motives

Since Performance Studies international was founded in 1997, its conferences have tended to take place in North America and Western Europe (with the exceptions of conferences in New Zealand (2003), Singapore (2004), Croatia (2009) and forthcoming Shanghai (2014)). Being international, however, involves an understanding of performance research as a diversity of approaches that can be traced back to various practices in many different locations and contexts. A crucial question is how to engage with such a multiplicity of perspectives and sites of contestation.

 One of the mainsprings of the Fluid States project is to follow a “trajectory from global concerns to local issues and problems” (Rustom Bharucha, Theatre and the World: Performance and the Politics of Culture , 1993, p. 8) – i.e. from intercultural and international to intracultural and intraregional problems, practices and prospects. The Fluid States are therefore designed around a programmatic complexity that considers diverging and converging histories and actualities encompassing the lives and performances of the people in the places hosting the local events. The ‘glocal’ relevance of regional clusters might even challenge PSi’s future.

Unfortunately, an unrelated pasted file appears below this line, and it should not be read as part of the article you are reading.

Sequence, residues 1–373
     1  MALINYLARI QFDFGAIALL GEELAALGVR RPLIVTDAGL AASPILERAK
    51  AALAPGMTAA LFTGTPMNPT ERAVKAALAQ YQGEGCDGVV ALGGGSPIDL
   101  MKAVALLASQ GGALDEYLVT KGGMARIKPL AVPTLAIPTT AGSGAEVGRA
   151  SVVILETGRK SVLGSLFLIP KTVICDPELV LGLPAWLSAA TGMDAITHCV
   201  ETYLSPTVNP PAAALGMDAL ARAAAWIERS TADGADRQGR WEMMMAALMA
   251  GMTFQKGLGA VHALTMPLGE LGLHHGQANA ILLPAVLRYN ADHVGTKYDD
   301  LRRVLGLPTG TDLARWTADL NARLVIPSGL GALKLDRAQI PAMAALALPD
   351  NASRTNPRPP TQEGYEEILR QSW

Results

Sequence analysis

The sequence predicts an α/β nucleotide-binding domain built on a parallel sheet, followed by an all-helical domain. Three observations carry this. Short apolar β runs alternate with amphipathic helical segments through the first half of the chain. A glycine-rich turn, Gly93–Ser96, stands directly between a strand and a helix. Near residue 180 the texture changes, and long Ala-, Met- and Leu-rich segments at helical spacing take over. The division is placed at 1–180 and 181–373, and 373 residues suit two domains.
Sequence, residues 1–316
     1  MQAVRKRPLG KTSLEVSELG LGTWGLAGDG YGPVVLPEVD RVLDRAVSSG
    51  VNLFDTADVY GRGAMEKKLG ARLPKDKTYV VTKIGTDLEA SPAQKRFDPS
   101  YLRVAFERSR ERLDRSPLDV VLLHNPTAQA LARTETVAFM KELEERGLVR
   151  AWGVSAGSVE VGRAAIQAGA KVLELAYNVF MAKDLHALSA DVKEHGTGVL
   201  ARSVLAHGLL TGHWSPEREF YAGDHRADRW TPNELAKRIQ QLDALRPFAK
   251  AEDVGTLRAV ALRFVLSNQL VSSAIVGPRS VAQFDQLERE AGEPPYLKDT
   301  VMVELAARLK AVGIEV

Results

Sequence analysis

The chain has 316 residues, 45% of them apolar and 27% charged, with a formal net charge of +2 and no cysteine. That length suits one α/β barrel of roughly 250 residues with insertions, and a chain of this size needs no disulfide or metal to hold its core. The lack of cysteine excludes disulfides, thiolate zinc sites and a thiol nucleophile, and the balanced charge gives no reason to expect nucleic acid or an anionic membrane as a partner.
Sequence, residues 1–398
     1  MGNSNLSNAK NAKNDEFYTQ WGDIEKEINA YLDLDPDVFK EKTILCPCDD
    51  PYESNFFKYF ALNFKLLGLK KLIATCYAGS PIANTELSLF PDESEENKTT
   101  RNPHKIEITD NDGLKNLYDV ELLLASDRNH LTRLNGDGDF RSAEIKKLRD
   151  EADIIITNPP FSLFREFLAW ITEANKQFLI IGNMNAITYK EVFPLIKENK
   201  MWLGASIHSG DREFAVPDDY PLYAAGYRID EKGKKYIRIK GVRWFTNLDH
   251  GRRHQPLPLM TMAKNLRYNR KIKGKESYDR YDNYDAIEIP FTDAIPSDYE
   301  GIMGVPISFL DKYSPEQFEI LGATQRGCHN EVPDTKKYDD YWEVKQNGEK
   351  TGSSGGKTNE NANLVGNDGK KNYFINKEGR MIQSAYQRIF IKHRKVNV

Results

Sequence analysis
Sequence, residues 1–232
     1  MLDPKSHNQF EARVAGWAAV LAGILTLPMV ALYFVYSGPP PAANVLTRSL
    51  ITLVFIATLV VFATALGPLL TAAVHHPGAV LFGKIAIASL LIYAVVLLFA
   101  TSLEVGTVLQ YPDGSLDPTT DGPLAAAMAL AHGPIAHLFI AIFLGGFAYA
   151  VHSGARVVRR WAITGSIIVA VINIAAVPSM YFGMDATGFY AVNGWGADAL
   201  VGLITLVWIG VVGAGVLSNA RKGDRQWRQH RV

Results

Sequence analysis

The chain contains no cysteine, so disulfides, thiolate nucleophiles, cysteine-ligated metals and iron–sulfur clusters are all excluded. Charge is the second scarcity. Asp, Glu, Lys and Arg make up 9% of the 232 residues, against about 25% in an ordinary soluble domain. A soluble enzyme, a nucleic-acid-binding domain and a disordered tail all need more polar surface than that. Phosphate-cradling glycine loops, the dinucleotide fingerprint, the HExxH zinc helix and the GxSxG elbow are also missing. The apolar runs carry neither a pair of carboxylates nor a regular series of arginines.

More than simply a series of conferences or festivals, Fluid States: Performances of UnKnowing is a multiple, hybrid and collaborative project. It invites and enables encounters between academics, artists and activists, emerging and established communities and organizations, in order to research interweaving or contesting cultures and the ecologies of these cultures’ performances. Fluid States are taking place in local languages as distinct local events. Conventional formats and communication structures of conferences and festivals are questioned and reimagined, allowing for local performance traditions to inform the events’ conception, organization and staging.

[photo by dirkb86]

Tags: Audiences Spectators Spectatorship in Performance  Performance Paradigms and Knowledges  Performance Studies  Performance Studies Lexicon  Performance Studies Pedagogies  Performance Studies Publishing  Philosophy and Performance  

SHARE:
Share on Facebook Share on Twitter
Top